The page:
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Clarence and Carl Aguirre celebrate two birthdays: April 21st, commemorating the day the conjoined twins were born, and August 4th, commemorating the day they were surgically separated and began to develop separate lives. The 2004 surgery, which this year celebrates its 10 year anniversary, was the final of four staged operations that were undertaken to divide the boys, who were attached at the top of the head. 

The surgery was one of the first successful operations of its kind, and was especially challenging as the boys were not just attached at the skull, but shared a brain connection. This translated to a delicate surgical navigation of all their complex shared vascularity. The odds of the surgery’s success were daunting, but there was no true alternative, as without the operation doctors believed the boys would have perished within 6-8 months.  

Aware of the risks and eager to avoid them, the surgical teams at The Children’s Hospital at Montefiore in New York conducted significant research to prepare for the surgery, including the creation of 3D printed models using CT and MRI data. Lead pediatric neurosurgeon Dr. James T. Goodrich says the models were extremely helpful in planning and gave him critical advance insight into potential anatomical complications. The life-size models were printed in 3DS’ ClearView® material, demonstrating the children’s bone structure with selectively colored representations of the critical blood vessels.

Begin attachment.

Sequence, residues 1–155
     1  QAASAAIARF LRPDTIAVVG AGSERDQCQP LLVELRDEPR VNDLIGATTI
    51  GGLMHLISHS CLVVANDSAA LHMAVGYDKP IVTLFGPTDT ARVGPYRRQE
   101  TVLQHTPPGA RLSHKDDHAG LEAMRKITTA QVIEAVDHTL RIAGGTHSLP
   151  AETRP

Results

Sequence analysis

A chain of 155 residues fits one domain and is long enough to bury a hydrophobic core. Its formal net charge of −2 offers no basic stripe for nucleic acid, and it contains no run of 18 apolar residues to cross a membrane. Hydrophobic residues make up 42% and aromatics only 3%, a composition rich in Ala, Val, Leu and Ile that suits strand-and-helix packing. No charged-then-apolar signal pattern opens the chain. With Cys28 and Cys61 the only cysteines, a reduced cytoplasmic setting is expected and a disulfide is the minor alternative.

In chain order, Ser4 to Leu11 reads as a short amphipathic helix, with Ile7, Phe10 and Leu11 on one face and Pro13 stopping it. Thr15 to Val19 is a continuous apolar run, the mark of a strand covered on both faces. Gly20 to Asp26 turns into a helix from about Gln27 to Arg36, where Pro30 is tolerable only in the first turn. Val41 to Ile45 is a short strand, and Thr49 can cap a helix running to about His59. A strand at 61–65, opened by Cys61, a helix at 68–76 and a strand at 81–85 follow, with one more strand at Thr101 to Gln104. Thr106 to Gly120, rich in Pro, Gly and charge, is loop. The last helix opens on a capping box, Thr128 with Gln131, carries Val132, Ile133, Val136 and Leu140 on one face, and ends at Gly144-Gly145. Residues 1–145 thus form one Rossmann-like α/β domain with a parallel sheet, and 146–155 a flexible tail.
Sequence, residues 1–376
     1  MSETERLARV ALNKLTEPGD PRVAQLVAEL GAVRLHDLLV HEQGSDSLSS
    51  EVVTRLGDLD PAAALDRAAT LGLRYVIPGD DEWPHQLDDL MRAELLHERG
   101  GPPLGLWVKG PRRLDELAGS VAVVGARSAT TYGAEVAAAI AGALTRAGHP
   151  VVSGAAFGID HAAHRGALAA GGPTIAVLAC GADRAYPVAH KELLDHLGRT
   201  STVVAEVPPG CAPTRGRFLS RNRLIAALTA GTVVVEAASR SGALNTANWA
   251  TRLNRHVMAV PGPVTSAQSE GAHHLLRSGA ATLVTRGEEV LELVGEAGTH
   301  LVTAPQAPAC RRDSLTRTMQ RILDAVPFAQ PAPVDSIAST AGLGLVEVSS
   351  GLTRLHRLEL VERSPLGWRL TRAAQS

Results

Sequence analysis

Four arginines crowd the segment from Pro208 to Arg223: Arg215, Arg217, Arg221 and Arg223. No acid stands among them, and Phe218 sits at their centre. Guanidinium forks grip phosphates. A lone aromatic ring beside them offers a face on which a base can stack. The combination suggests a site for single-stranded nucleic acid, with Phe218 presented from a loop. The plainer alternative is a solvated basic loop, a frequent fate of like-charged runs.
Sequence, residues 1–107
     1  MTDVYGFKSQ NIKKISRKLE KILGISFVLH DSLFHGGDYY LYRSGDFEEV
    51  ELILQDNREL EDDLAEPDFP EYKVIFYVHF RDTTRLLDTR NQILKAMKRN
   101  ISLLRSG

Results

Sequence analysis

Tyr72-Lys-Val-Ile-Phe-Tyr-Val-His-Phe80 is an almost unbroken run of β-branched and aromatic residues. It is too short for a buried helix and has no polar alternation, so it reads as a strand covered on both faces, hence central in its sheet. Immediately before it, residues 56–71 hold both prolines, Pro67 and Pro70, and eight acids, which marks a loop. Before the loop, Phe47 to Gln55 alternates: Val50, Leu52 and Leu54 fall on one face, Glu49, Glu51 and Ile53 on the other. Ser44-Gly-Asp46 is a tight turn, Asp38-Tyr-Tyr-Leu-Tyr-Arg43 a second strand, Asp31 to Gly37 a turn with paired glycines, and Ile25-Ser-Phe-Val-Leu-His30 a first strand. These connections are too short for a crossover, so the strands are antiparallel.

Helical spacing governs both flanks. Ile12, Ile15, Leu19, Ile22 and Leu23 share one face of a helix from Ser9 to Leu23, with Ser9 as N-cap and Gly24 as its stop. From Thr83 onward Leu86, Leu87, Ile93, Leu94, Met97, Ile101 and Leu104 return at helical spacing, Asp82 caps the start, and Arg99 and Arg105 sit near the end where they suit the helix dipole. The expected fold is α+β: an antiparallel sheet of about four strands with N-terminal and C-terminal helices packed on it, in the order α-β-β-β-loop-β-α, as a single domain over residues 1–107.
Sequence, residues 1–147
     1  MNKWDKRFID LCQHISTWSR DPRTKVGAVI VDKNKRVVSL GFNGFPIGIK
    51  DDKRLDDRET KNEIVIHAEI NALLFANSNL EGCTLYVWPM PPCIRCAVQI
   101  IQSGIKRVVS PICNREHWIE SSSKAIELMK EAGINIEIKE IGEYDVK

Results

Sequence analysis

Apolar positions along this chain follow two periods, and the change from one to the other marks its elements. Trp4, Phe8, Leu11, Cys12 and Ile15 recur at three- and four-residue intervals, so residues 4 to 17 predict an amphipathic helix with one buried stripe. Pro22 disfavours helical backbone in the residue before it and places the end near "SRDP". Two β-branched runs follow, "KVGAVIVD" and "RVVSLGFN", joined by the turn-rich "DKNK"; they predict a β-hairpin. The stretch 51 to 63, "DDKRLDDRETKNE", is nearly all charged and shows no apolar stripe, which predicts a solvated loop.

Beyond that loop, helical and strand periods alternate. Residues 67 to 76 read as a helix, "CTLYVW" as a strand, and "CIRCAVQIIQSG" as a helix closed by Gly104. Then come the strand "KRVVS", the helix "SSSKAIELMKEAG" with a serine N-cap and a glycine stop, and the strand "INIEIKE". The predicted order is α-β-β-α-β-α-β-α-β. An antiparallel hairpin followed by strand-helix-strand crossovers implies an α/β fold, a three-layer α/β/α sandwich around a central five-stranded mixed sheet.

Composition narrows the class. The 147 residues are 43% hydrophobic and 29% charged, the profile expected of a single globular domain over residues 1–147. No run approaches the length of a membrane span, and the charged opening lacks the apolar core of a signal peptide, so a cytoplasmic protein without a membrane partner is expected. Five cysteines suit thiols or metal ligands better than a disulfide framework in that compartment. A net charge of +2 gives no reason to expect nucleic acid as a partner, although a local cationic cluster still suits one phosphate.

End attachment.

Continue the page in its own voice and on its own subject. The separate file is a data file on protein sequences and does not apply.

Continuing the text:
“The medical team had to carefully plan out how to gradually separate the vital blood vessels in the brain that were used by both twins,” said Andy Christensen, Vice President of Personalized Surgery and Medical Devices, 3DS. “The surgeons reported that the 3D printed anatomical models were a key part of the surgical planning for this incredibly complex case.” The use of virtual surgical planning is increasing and is changing the way surgeries are performed for dramatically improved results and recovery times. More than a thousand 3DS advanced manufacturing-grade SLA 3D printers are in use in the medical field, producing tens of millions of medical devices annually.

Now, 10 years after surgery, Clarence and Carl are happy 12-year-old boys with distinct personalities. While Carl loves playing video games and spending time with his brother, Clarence is enthusiastically exploring dancing and likes to swim. For their mother Arlene, the past 12 years have been full of challenges and blessings, and she says it is heartwarming to watch her sons interact. “Their bonding is very close. Sometimes we’ll be sitting at the dinner table together and they’ll just look at each other and start to laugh. They still have a very strong connection.”

For more on the twin’s story, watch the video below.